Jammin’ the Blues

On this blog we’ve already covered a little bit of Barney Kessel’s work on film music, discussing how he adapted composer Henry Mancini’s score for “Breakfast at Tiffany’s” into his own record. However, Kessel’s involvement in film dates back to at least 1944 when, at the age of 21, Kessel played guitar in the Warner Bros musical short “Jammin the Blues,” released May 5 of that year. In the Barney Kessel collection are 2 records with music from the film, as well as a 38-page interview in which Kessel discusses the film, its origins, its impact, and the backstory of many of the artists involved. Kessel was proud of his role in the film – its musical style was close to his own musical roots and playing in it was a big step forward in his own career. The film itself is only 10 minutes long. In 1995, the Library of Congress selected it for preservation in the United States National Film Registry because the film is “culturally, historically, or aesthetically significant”. Turner Movie Classics, which has aired the film as part of a tribute to the National Film Registry, called it “one of the greatest of all jazz films.”

According to a 1982 interview, Kessel explained that the film came about because Jazz producer Norman Granz (right) wanted to recreate on film the jam session music format he had helped popularize in the Los Angeles jazz scene in the 1930s and early ‘40s. Granz selected an impressive roster of musicians for the film. The list of performers included Lester young (Tenor Sax), Red Callender (Bass), Harry Sweets Edison (Trumpet), Marlow Morris (piano), Kessel (guitar),  John Simmons (Double Bass) Illinois Jacquet (Tenor sax) Marie Bryant (vocals) and Sid Catlett and Jo Jones (drums). Kessel recalled that he became involved with the film because he was one of few musicians playing electric guitar in Los Angeles at the time. He had been a regular in many of the local jazz clubs, and already had a strong reputation with Norman Granz.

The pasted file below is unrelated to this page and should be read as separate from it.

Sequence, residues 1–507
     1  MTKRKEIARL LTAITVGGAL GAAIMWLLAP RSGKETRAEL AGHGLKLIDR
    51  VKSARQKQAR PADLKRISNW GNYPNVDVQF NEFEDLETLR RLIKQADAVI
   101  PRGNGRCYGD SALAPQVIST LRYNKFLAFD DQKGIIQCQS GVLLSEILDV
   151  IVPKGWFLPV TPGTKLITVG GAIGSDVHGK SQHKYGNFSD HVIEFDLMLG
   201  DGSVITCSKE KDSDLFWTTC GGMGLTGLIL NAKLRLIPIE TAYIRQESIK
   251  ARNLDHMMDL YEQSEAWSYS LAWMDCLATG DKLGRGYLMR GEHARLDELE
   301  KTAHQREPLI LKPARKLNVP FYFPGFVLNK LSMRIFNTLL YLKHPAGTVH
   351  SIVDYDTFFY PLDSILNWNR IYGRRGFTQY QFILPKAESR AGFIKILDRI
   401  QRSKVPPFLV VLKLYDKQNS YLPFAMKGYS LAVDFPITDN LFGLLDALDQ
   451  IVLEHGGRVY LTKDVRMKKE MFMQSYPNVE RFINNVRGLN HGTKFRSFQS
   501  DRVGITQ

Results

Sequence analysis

Granz allowed the musicians to choose their own songs for the film. Kessel recalls that Director Gjon Milli encouraged he and the other musicians to dress and behave as they would if they were going to play a regular show. The way the film was made was by first recording the music to be used in the film, and then filming the musicians playing along to the music as it was played back to them. Years later Kessel chuckled at how the musicians couldn’t always recall exactly what they had played during the recording sessions because it was very improvisational. When it came time to simulate playing along with the recording, the two didn’t always match up.

Most notably, and somewhat controversially, Kessel was the only white musician in the film. Granz was trying to advocate for the end of segregation in music, both for audiences and band members. He took the same approach with Jammin the Blues, to the dismay of Warner Bros mogul Jack Warner, who insisted that a black guitarist be found to make an all-black band, lest the film perform poorly in the segregated South. Granz refused to do so. Kessel described Granz as a real proponent of music as a meritocracy – Granz believed using a black guitarist to keep the film’s band from being integrated was just as racist as any other segregation. Either you could play, or you couldn’t, and Granz would have no one who couldn’t play. The compromise reached was to hide Kessel in the shadows.

Kessel’s entire recollection of the film is a positive one. “Of all the things I’ve done [in film]”, he said, “that was the most relaxed.” He liked how the Gjon Mili and Granz did not manipulate the performance – instead they “captured what’s going on” and presented it naturally. Compared to the music and film of the 1970s and 80s (he was interviewed in 1982) Kessel thought that the artistic value and quality of Jammin the Blues was twice as good. Kessel was a man of strong opinions, and he clearly had a high opinion of the film and his fellow musicians, especially Lester Young. He believed that the film captured a particular moment in music history, one that was driven both by the innovative producers like Granz and performers like Kessel and Lester Young who together made some of the best music of that or any other era, and also defied the racial mores that still hamstrung black men and women in much of America.

Sources

Barney Kessel Collection, MS295, LaBudde Special Collections, University of Missouri-Kansas City.

 

Where the Magic Started

The lion king? A young Walt Disney sitting atop one of the lion statues in Swope park.

(Written by Helena Collins-Gravitt)